BandWorldAdult Contemporary


The story of Uju – A short biography

To say that it all began as a serendipitous meeting at Carfax in Johannesburg’s Newtown would be misleading. Even though today’s incarnation of the band was crystallised at a twelve-hour jam session some time in early March 2004, the concept of Uju began a few years earlier.

Embryo, both figuratively and literally, was how it all began. A group of young and earnest artists combined to form a conscientious band of renegade teenagers. Embryo was an apt tag for this aspirant brood made up of Kgomotso (bass) and Wandile Molebatsi (djembe), Ntuthu Ndlovu (poet and vocals), Serame Molusi (Guitar), Lindi Kone (backing vocals) and Mosa Koele (lead vocals).

The music was serious and intense with a tinge of accessibility, mixing strong Mbaqanga rhythms with modern Jazz and Hip Hop. The idea was great but the time was wrong. Embryo could not exist in the desert that was SA music of the early millennium, dominated by mainstream club anthems and bad imitations of American rock.

Not two years later, when the stronghold of electronic pop and Kwaito began to wane, Ntuthu, Wandi, Serame, Lindi and Kgomotso attempted a revival. Now a little older and wiser, the group came together under a new banner, Uju - Zulu for Honey.

Ntuthu, the poet and spiritual leader of the band, sought a new channel for her creative output. Embryo was gone. Uju would live on. But there was a new challenge. Serame had to pursue other commitments and Kgomotso was a full time student. The core was melting.

Ntuthu, called on her network to fill the gap and on that fateful day at Carfax, a new band was born.

Khumo Kganyago, a Jazz maestro, mentored by the likes of Selaelo Selota and schooled at FUBA, arrived with dreadlocks and an open mind.

Mosebetsi Nzimande, a rare talent with the bass sought after by such contemporary successes as Malaika and MXO, strolled in with an equal air of anticipation and professionalism unseen in many artists.

Refilwe Nyembe, a young raw talent on the drums brought a big energy and steady rhythm.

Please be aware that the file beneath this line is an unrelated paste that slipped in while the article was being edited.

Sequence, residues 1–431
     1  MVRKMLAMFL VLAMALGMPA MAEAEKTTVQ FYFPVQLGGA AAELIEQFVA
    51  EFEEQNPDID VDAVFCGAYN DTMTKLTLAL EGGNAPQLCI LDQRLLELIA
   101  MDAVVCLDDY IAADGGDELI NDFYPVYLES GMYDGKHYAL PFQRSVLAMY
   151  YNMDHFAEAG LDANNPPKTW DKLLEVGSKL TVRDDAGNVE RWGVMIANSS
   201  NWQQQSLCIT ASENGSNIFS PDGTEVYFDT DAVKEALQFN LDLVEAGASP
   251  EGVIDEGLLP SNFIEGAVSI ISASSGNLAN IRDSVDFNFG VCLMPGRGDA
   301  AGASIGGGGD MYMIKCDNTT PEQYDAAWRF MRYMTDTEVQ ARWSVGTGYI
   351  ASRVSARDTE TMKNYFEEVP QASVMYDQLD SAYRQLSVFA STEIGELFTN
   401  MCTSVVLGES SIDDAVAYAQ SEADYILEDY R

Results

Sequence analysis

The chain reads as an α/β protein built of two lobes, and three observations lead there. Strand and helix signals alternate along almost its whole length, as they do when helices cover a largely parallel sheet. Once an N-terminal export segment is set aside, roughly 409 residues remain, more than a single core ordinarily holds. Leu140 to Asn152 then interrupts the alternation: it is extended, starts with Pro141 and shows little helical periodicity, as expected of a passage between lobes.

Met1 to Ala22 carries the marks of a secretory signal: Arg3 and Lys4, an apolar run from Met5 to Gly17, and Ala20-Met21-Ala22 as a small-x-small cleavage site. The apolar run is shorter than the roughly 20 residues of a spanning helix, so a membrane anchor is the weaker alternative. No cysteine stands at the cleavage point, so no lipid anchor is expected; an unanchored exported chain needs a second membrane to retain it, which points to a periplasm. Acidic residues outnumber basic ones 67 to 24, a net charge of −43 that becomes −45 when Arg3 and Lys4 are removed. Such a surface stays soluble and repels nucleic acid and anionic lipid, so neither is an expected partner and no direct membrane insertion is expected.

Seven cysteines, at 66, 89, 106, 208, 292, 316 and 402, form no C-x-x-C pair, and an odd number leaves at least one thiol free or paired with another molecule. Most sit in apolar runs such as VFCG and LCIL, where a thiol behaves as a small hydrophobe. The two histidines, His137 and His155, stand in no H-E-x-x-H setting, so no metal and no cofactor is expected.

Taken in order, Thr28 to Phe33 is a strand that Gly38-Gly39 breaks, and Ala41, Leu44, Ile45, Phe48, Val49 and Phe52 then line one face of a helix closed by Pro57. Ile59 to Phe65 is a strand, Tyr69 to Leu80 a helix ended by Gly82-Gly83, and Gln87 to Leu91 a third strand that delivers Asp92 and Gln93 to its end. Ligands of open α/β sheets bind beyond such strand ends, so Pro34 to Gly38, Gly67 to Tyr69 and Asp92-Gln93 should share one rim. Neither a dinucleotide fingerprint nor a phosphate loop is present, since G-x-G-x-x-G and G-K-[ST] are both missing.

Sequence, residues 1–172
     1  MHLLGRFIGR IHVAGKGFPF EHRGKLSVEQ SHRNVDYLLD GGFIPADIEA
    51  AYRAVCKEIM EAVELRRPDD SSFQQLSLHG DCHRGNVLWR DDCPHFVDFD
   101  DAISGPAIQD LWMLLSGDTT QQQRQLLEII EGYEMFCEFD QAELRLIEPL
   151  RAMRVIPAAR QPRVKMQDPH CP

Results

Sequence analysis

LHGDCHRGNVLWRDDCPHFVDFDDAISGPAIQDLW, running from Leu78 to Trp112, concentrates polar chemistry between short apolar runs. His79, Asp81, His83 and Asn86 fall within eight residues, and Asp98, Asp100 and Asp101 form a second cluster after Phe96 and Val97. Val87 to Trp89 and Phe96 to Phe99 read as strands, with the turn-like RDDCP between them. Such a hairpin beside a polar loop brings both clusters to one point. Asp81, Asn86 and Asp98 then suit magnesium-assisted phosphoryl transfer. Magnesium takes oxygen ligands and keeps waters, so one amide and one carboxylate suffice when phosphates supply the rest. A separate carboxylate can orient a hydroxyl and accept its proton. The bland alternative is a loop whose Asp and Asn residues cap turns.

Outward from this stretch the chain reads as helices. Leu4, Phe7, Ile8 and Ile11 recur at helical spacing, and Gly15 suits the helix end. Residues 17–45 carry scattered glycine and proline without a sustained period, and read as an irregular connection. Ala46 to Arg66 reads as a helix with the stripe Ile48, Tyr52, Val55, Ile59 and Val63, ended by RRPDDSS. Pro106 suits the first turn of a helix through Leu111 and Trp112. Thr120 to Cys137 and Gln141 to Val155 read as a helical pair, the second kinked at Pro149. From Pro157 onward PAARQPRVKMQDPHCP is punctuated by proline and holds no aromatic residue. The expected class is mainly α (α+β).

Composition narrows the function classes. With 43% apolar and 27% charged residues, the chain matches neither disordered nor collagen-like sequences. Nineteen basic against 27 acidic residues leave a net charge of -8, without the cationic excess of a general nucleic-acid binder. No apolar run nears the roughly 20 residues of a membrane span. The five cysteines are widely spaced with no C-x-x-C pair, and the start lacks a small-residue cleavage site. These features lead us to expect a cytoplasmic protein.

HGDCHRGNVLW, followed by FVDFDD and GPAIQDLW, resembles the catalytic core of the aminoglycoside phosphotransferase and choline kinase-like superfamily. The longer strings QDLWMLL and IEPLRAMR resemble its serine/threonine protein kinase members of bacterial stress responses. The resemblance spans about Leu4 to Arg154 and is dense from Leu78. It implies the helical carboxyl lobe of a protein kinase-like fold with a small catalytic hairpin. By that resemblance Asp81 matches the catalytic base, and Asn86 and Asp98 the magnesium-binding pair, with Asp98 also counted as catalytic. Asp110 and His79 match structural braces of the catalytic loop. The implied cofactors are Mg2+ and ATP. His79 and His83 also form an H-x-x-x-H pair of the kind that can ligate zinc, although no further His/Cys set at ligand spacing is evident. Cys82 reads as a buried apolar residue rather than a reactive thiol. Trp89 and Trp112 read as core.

Quite coincidentally, Wandi invited Earl Joseph, an erstwhile busker and unremarkable musician, along to watch and possibly join in occasionally. He was soon adopted as a regular rhythm guitarist.

What followed was a spark of fate that occurs only as a beautiful accident. The sound grew with every rendition of old Embryo songs and the many new jams. Sober Mbaqanga riffs made way to Jazz and Soul without losing the original edge.

Hip Hop was refined and enriched with new live, big band sounds and the poetry was elevated to a new level of sophistication that lent a gravity that won’t be ignored.

Within a month, Earl became the de facto manager and a new vocalist, Lerato Ntsamai, was asked to join to boost the vocal range. Uju the enigma became Uju the experience.

Fifteen-year-old Siyabulela “Sabu” Satsha, a prodigy of rhythm replaced Refilwe on drums and subsequently left to follow a promising session career, while Lindi found it difficult to balance the band with other life commitments.

Still, with the eclectic mix of band members, each bringing a different value and influence, it is difficult to predict the way a song will emerge from the creative process.

For instance “Onions Emvuleni” began as an a capella intro to live sets but was transformed into a melodic Latin inspired percussion driven track with smooth guitaring and Cuban undertones.

“Kwezi Lomso”, in many ways the signature song of the band, went from a standard ballad to an ambient fusion of djembe, jazz guitar and soulful vocals. It is a happy marriage of reggae, African Jazz, Rock and Salsa, that progresses from a sublime intro to a frenzied conclusion.

“Black Soldier” and “Iqhalaqhala” are references to the old Mbaqanga roots with a diminutive hip-hop flair which have been typically “Uju-fied” with wa-wa guitars and soulful dynamics.

Uju is the new urban sound of an ever-changing Mzansi.

Dare you miss them?

All Music Copyrighted to Uju - 2005


To date Uju have performed at major national music festivals, appeared on numerous television shows and been lauded by both the print and internet media. The band began its gigging career at A Kind of Blue in late 2004 when they unsteadily experimented with the new sound. Since then they have graced the likes of the Blues Room in Sandton on a regular basis, rocked Newtown at all its major venues (Song Writers Club, Horror Café, Shivava Café and The Bassline).

Major festivals include Oppikoppi, Women in Arts Festival, Headlining at the Bassline for Aids Day in 2005 and playing at the Kaya FM Birthday Bash. We have been playlisted on Kaya FM and will soon be playlisted on YFM.

We launched our EP to Africa live on O Boma, a live music show on Channel O, followed by a hugely successful launch party at 88 in Norwood where we were interviewed for Weekend Live on SABC 2 and subsequently appeared